Lunatics Liberation Front

Jim Farmelant farmelantj at
Fri Jan 12 18:59:02 MST 2001

On Sat, 13 Jan 2001 08:25:33 +1000 Gary MacLennan
<g.maclennan at> writes:

> I think though that it is vital that we understand that the
> anti-psychiatry
> movement has its roots in libertarianism and of course romanticism.

Which is certainly the case in the US where one of its leading
figures, Thomas Szasz, is very much a right-wing libertarian.
That is not to deny that there is much of value in Szasz's writings,
although of course most of what is useful in them was borrowed
wholesale from Foucault.

> Its
> fundamental impulse is the rights of the individual and that is its
> most
> valuable contribution IMHO. However because it taps into romanticism
> it
> also contains an anti-modern and anti-rational component.

The anti-psychiatry movement in the US has been long allied
with the labelling theory view of deviance in sociology.  The thesis
that the label of mental illness is a social construct is certainly
a useful perspective but the anti-psychiatry movement has always
tended to push this thesis to the extreme of arguing that mental
illness is really nothing more than a social construct.  Hence,
Szasz's contention that mental illness is a myth.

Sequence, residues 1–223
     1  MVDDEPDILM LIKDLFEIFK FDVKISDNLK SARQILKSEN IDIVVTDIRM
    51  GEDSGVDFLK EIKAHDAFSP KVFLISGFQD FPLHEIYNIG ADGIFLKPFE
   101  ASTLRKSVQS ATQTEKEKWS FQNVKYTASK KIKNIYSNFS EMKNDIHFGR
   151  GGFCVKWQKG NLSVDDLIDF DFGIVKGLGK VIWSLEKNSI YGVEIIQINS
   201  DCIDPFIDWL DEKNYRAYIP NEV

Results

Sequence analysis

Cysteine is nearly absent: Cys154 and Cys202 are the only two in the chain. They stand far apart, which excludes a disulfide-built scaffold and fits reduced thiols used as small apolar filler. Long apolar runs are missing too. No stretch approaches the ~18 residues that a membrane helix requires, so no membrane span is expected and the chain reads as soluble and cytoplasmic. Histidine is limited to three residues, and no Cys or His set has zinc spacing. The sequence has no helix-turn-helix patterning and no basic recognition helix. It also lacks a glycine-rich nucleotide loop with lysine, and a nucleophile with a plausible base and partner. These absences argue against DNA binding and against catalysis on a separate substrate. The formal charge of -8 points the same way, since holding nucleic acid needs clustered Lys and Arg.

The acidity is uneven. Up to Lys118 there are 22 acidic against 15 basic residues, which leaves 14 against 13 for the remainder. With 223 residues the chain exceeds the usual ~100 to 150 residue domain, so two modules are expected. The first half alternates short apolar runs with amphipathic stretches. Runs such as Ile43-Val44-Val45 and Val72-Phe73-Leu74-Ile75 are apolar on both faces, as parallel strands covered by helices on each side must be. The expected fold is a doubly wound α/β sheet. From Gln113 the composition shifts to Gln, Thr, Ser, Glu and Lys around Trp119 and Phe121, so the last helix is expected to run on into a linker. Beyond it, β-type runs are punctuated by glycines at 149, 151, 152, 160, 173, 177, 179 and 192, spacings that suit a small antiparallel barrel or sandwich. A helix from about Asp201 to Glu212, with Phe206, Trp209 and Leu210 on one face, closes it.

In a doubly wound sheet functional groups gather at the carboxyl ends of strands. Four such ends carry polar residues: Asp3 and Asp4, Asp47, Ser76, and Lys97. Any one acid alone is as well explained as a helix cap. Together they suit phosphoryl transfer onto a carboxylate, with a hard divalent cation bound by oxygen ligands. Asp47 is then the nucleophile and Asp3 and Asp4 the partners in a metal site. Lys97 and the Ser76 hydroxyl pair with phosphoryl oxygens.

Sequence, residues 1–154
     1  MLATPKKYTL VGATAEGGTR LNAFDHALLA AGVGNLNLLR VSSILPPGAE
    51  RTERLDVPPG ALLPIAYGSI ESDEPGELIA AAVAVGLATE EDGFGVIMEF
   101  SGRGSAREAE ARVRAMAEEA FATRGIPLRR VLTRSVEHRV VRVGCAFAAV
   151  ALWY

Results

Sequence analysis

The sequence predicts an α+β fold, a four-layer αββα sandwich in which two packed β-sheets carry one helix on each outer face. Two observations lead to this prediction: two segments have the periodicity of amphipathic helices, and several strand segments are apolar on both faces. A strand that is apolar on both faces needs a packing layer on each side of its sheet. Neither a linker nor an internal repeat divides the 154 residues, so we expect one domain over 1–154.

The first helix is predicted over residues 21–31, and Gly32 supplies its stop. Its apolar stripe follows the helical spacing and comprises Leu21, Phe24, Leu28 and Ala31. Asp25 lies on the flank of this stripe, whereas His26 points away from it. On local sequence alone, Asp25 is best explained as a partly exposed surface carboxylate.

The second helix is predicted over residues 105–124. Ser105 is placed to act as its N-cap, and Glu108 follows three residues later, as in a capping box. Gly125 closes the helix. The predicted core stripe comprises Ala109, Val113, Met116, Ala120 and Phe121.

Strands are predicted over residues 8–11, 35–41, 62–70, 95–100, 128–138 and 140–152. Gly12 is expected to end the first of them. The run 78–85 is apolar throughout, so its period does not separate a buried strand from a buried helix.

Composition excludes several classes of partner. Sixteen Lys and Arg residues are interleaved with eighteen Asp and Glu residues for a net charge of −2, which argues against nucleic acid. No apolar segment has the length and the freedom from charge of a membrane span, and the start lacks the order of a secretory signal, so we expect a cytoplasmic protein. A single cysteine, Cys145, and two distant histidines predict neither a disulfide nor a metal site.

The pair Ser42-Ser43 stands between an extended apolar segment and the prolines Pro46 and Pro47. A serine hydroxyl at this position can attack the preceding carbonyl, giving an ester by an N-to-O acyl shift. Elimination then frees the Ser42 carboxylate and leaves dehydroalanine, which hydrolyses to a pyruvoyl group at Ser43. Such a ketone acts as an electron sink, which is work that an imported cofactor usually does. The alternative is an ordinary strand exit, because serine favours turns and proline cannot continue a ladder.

>This can
> tend to
> regard the mentally ill as somehow privileged or creative and this
> creativity is destroyed by medication.  See Johhny Depp's Don Juan
> de Marco
> for a recent re-run of this thematic.

Ronald Laing as I recall did much to popularize this view in the
'60s in his book *The Politics of Experience*.


>Such an impulse would point
> out that
> the anti-psychiatry movement of the 60s was co-opted by neo-liberals
> who
> were anxious to cut costs in the provision of care for the mentally
> ill.  Just a few runs of One Flew Over the Cuckoo's Nest and hey
> presto you
> had thousands of the mentally ill dumped onto the streets.  All in
> the name
> of liberation, too. What else?

That was certainly the case in the US where an unholy alliance
between the anti-psychiatry movement and fiscal conservatives
led to the closure of most public mental hospitals and
asylums.  At the time this happened, it was promised
that these institutions would be replace with community
based mental health care.  Those promises of course were
largely unkept.  Meanwhile, there is in the US also the issue
of health insurance and care for the mentally ill in private
institutions.  It seems that patients typically experience
miraculous recoveries from even the most severe
disturbances just when their insurance coverage is about
to run out.  Amazing!!

Jim F.

> regards
> Gary

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